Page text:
The Freedom Theatre have triumphed with The Siege, now touring the UK, a blistering testament to resistance based on real-life events
Whoever believes that theatre is a redundant art form needs to see The Siege.
The Freedom Theatre of Palestine’s new production, about the 39-day standoff at the Church of the Nativity in Bethlehem during the second intifada, has a deceptively light start, with an engaging Palestinian tour guide thanking the audience for joining him on a tour.
The church-like set, including ornate lanterns, incense smoke and haunting Orthodox chants, effectively places us in Christianity’s holiest of religious sites.
Ahmed Tobasi performs in The Siege, Freedom Theatre, at the Battersea Arts Centre, London, May 2015
The guide, played with infectious enthusiasm by Ahmed Tobasi, cracks jokes, tells us about his faith, and the fact that the Palestinians who built the church under Emperor Constantine in the 4th century are the same as those living in Palestine today. “Are you ready to start?” he asks. “Come on, we’re going to see Jesus.”
Suddenly shots are fired and to a pulsing soundtrack four fighters armed with M16s and AK47s enter stage. An Israeli army loudspeaker and projected video footage of tanks and Israeli troops outside the church – taken from the real siege during Israel’s West Bank invasion of 2002 – immerse us in a state of mortal threat. The fighters are shouting and arguing about what to do, one is bleeding heavily from a wound to the leg. The priest demands to know what they are doing here, but a church is a sanctuary - they immediately offer to leave, but he lets them stay.
This is war and resistance at its most visceral and terrifying.
The symbolism of the events and location of the siege during the Israeli Defensive Shield invasion of Bethlehem are rich in drama, happening in the very spot where Jesus led his own quixotic resistance to an overwhelmingly powerful occupier 2000 years before. Among the fighters there are Muslim and Christians, but they pray and stand together.
Watching – or rather experiencing – The Siege, written by Freedom Theatre's Nabil Al-Raee, who co-directs with Zoe Lafferty, seems to stretch and expand what theatre can do, blurring the line between art and a lived reality of human beings in extremis. Over an unbroken 85 minutes, we share the hurt, pain, hopes, humour and dreams of these men, who, in the end, are only here in the most unlikely of holdouts, because they want to live in dignity in their own land. It's a straightforward, simple telling. There are no gimmicks, narrative or point-of-view sleights of hand.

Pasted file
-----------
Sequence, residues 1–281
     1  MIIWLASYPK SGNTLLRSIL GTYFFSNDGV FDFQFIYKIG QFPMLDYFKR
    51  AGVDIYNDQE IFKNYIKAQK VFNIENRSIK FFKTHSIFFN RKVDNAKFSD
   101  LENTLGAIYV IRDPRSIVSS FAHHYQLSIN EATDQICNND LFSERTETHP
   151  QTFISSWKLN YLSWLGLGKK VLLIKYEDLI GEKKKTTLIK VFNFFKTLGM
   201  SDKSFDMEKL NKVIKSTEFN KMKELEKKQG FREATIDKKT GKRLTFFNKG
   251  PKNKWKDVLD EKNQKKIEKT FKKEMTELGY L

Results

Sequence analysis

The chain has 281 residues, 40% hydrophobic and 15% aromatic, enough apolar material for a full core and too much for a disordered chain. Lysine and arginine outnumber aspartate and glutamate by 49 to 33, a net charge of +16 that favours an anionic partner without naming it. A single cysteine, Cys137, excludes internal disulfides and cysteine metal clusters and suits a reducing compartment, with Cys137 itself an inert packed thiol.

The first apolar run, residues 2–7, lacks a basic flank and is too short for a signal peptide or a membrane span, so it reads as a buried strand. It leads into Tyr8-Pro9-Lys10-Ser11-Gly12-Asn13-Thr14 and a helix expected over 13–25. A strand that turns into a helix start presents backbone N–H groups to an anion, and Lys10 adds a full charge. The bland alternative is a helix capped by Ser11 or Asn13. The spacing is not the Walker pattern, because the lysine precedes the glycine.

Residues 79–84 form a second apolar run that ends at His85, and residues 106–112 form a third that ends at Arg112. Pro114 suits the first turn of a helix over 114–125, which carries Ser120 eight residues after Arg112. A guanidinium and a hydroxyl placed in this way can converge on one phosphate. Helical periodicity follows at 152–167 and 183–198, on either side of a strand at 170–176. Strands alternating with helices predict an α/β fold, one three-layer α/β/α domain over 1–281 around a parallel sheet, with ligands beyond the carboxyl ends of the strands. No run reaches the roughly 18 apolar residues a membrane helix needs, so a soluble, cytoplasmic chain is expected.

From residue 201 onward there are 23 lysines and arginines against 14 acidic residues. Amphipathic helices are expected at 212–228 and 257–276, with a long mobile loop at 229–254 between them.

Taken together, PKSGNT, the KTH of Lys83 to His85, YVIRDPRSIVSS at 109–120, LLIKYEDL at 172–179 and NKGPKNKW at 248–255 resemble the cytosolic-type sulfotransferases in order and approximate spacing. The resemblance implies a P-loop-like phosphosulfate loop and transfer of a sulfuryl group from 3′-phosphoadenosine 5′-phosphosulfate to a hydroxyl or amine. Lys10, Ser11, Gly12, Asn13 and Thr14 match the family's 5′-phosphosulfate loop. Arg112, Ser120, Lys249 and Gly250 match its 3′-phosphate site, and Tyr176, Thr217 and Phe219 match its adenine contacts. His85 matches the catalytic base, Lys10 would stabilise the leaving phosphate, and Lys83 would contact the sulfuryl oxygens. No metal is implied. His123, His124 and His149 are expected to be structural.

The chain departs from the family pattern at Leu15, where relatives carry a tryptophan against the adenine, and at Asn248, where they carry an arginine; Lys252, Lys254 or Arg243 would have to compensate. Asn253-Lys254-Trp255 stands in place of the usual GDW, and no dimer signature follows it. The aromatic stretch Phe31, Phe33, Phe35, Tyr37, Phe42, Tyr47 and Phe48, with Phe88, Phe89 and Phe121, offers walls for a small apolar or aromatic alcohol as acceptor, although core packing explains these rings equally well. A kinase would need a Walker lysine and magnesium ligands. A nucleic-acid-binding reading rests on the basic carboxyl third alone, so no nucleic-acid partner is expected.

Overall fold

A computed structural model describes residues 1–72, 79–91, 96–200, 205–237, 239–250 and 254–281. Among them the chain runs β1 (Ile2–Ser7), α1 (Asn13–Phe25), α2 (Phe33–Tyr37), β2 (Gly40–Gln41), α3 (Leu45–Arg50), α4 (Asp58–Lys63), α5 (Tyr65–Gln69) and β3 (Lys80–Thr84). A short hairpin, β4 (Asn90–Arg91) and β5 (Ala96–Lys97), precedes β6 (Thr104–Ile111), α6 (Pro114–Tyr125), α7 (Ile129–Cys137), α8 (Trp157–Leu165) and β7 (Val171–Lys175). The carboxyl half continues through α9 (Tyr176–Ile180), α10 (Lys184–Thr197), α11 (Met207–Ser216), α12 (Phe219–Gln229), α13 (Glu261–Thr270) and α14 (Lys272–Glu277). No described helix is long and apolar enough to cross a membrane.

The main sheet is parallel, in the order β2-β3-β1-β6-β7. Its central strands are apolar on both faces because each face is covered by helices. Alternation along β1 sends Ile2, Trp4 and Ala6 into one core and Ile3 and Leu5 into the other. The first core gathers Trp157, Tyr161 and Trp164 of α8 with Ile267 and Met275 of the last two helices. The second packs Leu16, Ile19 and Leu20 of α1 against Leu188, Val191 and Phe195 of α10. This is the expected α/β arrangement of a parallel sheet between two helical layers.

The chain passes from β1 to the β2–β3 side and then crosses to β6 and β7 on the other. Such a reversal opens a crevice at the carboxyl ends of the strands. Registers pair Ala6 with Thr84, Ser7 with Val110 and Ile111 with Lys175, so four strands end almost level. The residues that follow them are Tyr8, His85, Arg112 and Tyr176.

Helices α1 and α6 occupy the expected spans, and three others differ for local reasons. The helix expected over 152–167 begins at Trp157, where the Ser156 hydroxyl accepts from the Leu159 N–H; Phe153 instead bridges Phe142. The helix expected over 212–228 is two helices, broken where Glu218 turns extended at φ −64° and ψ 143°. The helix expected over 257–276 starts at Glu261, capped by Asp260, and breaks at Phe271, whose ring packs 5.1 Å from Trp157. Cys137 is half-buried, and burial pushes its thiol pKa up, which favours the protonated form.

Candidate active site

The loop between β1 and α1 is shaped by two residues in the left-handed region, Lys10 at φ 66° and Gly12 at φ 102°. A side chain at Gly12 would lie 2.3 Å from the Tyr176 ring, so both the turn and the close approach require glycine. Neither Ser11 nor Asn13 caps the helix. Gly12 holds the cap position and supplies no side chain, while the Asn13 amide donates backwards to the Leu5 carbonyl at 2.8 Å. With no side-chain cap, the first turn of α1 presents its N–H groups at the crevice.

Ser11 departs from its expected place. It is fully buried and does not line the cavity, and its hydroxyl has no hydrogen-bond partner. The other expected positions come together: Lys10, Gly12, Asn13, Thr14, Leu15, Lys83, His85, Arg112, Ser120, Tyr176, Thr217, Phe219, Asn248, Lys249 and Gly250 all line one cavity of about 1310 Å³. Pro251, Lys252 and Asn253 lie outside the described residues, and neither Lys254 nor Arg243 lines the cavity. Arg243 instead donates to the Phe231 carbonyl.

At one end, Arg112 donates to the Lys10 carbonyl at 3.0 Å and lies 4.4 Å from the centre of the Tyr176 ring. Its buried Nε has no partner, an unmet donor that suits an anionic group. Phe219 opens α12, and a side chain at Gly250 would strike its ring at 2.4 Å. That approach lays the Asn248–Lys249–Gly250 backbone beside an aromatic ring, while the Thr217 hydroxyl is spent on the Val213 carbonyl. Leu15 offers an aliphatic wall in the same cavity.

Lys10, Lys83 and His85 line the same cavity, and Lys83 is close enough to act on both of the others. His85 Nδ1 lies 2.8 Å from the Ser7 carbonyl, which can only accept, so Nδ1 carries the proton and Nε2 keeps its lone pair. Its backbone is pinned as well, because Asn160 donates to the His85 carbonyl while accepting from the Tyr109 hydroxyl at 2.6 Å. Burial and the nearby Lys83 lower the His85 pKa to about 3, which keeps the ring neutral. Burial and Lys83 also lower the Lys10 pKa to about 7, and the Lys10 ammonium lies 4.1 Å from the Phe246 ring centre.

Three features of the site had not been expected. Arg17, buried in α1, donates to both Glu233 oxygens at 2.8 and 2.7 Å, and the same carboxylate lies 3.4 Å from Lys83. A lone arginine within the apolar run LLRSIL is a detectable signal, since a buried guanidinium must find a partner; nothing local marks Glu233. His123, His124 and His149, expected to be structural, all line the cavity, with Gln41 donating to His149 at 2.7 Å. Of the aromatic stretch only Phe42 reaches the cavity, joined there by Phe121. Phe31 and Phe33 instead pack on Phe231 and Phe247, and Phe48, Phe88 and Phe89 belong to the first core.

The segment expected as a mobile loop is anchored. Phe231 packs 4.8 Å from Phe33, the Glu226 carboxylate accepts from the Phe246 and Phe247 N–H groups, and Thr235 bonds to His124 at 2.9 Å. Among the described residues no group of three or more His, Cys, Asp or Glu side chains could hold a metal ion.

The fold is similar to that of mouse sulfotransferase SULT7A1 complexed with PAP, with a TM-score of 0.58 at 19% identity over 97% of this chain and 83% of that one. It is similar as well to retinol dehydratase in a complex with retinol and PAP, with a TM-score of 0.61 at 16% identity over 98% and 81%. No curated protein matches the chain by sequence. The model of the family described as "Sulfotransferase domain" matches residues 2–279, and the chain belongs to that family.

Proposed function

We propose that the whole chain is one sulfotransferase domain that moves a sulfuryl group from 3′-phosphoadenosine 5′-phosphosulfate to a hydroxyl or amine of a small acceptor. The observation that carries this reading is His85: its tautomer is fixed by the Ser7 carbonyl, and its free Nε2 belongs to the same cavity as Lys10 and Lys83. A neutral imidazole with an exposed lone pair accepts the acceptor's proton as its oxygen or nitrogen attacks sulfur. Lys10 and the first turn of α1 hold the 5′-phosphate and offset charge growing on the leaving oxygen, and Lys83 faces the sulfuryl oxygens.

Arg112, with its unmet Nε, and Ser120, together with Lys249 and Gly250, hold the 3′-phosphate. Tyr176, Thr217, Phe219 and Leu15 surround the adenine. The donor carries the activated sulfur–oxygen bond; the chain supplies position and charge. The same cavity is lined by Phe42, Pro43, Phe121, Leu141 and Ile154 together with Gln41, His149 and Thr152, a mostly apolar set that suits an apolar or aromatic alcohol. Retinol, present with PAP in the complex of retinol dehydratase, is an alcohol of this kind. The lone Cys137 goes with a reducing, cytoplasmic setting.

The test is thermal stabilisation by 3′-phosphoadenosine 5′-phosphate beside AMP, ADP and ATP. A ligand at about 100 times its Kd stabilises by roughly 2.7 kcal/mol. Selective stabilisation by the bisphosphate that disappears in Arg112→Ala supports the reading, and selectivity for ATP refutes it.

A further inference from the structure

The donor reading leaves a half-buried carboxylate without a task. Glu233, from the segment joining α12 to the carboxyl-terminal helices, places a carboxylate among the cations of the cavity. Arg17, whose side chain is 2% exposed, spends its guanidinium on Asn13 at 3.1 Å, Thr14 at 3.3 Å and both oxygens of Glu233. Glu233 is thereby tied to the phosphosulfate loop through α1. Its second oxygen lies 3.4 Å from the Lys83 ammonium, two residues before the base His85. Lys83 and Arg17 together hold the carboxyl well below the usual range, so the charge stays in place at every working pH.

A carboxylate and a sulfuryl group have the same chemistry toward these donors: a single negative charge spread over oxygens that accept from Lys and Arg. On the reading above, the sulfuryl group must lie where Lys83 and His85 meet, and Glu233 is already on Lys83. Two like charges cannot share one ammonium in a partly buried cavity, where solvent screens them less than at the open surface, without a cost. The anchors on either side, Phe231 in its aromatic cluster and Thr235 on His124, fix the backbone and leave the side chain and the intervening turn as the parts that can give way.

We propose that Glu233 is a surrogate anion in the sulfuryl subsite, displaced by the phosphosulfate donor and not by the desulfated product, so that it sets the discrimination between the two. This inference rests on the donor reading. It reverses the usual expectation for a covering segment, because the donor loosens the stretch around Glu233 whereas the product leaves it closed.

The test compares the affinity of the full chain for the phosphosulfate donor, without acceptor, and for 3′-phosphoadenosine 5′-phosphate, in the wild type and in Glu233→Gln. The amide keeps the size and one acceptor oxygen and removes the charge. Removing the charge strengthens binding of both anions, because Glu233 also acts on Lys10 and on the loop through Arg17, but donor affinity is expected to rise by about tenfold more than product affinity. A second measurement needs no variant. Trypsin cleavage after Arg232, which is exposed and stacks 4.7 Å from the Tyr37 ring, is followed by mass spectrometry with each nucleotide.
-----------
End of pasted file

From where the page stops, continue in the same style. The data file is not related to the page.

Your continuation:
The Siege actors (L-R) Faisal Abu Alheja, Rabee Hanani, Ahmad al-Rokh, perform at the Battersea Arts Centre, London, May 2015
The Siege emerged from extended conversations with the exiled fighters who had to leave for Europe in the deal brokered by the EU to end the siege. It is a heart-wrenching, profound shout from the heart of the occupation, down to the little things that people hold onto when they are pushed to the edge, when they are hungry and trapped with nothing but their joint commitment not to be crushed by the occupier. Songs, jokes, a game of chequers, describing in detail how they would make maqlouba – the Palestinian staple - or the perfect coffee, which they savour and share, even though in reality it is just a cup of water.
The actors, three of whom - Ahmad al Rokh, Faisal Abu Alheja and Tobasi - are from Jenin refugee camp, stand in a line before us, telling us what happened. Is this acting, or testament? It is their truth, they lived it.
Occasionally a mobile phone rings from family members outside, reminding us we are in the 21st century. In an oddly hilarious scene, the Israeli army have a mother of one of the fighters (Hassan Taha) on a loudspeaker. They want her to tell her son to surrender, but she refuses. Instead, she tells this grown man: “I swear I will cut off my breast... I will disown you.” He is, unsurprisingly, distraught and wants to go out in a suicidal blaze of fury.
The actors to a man, without any visible artifice, reveal in all their humanity the character of these men - at turns bewildered, terrified, fragile, brave, at odds with one another, united in resistance. They do not represent all of those who experienced the siege, which included monks and nuns and two hundred civilians sheltering from the Israeli offensive, but through the fighters’ story, we understand something of the struggle and the spirit of the Palestinian people under occupation.
The Freedom Theatre have triumphed with The Siege and, with the tour of the UK, they may light a fire of empathy among their audiences who will go home having briefly got to know the Palestinians of Bethlehem and be inspired by this act of cultural resistance.
* The Siege continues its tour of the UK. BAC London till 23 May; The Hub, Leeds, 26 May; St Mary in the Castle, Hastings, 28 May; The Merlin, Frome, 30 May; REP, Birmingham, 4-6 June; Nottingham Playhouse, 10-11 June; The Cut, Halesworth, 13 June; The Tron, Glasgow, 17-20 June.